Figures at the entrance of Kailas cave temple [Ellora]
Photographer: Dayal, Deen
Medium: Photographic print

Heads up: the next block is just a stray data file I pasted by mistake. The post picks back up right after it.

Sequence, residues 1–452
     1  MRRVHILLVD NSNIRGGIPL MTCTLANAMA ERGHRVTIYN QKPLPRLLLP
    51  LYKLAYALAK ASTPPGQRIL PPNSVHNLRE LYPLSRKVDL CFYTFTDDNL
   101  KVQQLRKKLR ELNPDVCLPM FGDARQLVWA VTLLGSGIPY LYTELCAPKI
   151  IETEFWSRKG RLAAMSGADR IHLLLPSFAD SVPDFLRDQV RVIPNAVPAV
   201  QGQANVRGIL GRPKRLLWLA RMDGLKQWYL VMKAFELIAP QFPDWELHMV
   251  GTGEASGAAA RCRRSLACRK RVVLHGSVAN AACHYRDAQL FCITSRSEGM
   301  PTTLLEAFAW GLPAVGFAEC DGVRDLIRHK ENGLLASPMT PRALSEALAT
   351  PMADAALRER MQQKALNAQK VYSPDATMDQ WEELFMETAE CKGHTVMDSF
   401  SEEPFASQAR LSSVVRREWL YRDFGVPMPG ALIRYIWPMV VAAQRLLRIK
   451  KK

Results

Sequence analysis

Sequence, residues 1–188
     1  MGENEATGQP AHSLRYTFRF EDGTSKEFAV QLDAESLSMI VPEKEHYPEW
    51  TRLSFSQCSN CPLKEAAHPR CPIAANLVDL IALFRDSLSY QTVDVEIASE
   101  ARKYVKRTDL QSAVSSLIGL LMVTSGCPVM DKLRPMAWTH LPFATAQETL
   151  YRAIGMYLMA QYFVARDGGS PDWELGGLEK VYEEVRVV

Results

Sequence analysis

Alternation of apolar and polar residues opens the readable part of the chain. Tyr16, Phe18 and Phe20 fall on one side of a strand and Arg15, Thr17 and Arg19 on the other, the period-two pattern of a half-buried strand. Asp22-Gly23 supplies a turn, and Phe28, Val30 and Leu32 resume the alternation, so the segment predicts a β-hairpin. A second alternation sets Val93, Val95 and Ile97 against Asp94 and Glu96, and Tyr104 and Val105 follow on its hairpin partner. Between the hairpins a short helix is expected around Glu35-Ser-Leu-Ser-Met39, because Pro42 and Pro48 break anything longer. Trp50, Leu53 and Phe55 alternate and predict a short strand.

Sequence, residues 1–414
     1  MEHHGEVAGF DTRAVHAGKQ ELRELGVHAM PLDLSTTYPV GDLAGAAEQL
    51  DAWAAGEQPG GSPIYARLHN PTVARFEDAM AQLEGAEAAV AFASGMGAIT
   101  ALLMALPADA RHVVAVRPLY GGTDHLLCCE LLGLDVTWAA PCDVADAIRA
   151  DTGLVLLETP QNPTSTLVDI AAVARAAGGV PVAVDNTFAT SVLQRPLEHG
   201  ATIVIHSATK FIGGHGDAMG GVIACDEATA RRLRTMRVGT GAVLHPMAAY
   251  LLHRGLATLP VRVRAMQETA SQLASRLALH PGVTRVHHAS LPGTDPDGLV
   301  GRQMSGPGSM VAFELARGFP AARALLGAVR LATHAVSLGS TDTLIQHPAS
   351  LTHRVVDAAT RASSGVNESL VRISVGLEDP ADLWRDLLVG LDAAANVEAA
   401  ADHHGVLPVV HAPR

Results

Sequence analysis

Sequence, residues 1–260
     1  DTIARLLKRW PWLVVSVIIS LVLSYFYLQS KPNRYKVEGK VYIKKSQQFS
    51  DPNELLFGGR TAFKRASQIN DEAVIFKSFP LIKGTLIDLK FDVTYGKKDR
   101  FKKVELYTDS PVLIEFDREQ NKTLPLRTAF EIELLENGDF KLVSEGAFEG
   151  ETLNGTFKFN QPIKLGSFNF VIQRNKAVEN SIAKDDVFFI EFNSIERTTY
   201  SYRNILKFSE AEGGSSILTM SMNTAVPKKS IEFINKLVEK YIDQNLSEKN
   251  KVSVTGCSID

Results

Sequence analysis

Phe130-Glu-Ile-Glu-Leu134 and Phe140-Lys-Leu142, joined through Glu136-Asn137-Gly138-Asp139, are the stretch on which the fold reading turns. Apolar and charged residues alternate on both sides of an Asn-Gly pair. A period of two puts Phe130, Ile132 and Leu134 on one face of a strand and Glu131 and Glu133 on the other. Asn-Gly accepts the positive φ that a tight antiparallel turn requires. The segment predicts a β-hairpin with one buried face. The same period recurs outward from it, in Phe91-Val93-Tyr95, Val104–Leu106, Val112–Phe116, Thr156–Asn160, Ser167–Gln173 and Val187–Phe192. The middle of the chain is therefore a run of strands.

Photograph of sculptures at the entrance of the Kailasanatha Temple at Ellora, taken by Deen Dayal around the 1890s, from the Curzon Collection: 'Views of Caves of Ellora and Dowlatabad Fort in H.H. the Nizam's Dominions'. The spectacular site of Ellora, in Maharashtra, is famous for its series of Buddhist, Hindu and Jain cave temples excavated into the rocky façade of a cliff of basalt. The works were done under the patronage of the Kalachuri, the Chalukya and the Rashtrakuta dynasties between the sixth and the ninth centuries. The Kailasanatha is the most noted of all the splendours of Ellora, a free-standing temple rather than a cave, entirely sculpted out of a great mass of basalt. Commissioned by the Rashtrakuta king Krishna I in the mid-eighth century, it symbolises Mount Kailasa, the sacred abode of Shiva. The Gajalakshmi panel seen in this view is situated at the entrance to Kailasanatha cave temple and symbolises prosperity. It depicts two elephants pouring water over the goddess Lakshmi. Two figures of guardians are carved on the sides.